“An international celebration of peace and good will in the Americas,” reads an advertisement announcing the harmonious theme of the Greater Texas and Pan-American Exposition of 1937 (“Exposition”). The 1937 Exposition was a creature of its time. Historian of fairs Robert Rydell claims, “depression-era fairs…became cultural icons for the nation’s hopes and future.” This Exposition, like other fairs, “provided a tangible way for powerful institutions, such as local and national governments, as well as elite economic interests to broadcast visually their worldviews to a large audience.” Promotional materials crafted a romantic vision of a shared experience of empire, telling potential fairgoers, “the spread of empire throughout the Western World in less than five centuries is the phenomenal story of the Americas...to promote the feeling of international goodwill between the twenty-one independent nations of the New World, as voiced so strongly by President Franklin Delano Roosevelt before the 1936 Inter-American Peace Conference in Buenos Aires, is the magnificent Greater Texas and Pan American Exposition at Dallas.” One author notes, “the stated intention of the 1937 fair was to usher in an era of peace and cooperation between all the countries of the Western hemisphere with Texas at the heart of a great Pan-American economic engine.” Nevertheless, underlying this Pan-American ideal was a “tension inherent in the asymmetrical U.S.-Latin American relationship.”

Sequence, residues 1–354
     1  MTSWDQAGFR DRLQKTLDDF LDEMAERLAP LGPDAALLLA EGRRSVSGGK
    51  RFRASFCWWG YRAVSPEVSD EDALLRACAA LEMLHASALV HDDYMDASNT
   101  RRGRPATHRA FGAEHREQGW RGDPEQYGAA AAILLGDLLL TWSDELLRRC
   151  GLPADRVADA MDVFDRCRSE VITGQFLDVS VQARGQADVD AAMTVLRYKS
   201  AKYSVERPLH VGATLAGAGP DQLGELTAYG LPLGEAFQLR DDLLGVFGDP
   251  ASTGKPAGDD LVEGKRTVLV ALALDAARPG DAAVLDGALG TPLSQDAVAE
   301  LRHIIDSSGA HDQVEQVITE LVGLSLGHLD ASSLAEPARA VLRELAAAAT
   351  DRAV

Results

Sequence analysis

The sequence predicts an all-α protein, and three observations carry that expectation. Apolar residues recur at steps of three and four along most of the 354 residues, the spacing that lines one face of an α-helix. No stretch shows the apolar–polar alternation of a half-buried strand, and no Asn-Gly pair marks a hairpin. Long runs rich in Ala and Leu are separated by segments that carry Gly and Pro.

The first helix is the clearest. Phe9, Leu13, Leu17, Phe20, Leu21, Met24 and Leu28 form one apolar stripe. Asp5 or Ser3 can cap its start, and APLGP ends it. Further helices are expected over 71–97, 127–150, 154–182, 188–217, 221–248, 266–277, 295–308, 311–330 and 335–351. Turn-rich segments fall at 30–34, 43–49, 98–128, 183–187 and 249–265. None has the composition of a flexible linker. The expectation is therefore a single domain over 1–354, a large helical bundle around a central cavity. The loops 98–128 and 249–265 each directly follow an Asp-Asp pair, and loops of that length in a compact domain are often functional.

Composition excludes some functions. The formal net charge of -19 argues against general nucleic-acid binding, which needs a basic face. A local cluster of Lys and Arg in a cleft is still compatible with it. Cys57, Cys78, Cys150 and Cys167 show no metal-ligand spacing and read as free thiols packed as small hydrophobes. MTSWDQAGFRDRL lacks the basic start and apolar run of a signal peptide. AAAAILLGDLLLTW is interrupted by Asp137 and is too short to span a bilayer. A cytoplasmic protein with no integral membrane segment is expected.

Overshadowed by and often collapsed into the Texas Centennial Exposition of 1936 (“Texas Centennial”), the Exposition’s distinguishing features are largely overlooked. The Exposition opened at Dallas’s Fair Park just six months after the close of the Texas Centennial. The grounds and buildings were repackaged with a Latin American flair representative of the stereotypes and clichés of the time, and, unlike the Texas Centennial, all of the nations of the Americas were invited to construct exhibits. As befitted Texas’s nearest neighbor, Mexico’s exhibit at the Exposition occupied the largest space allotted in the Rotundo le las Americas. However, Mexico threatened to remove its exhibit at least twice, and Mexican athletes were mysteriously absent from the Exposition’s widely advertised Pan-American games. This paper explores Mexico’s muted embrace of the Greater Texas and Pan-American Exposition within the context of its political and economic relationship with the United States in 1937.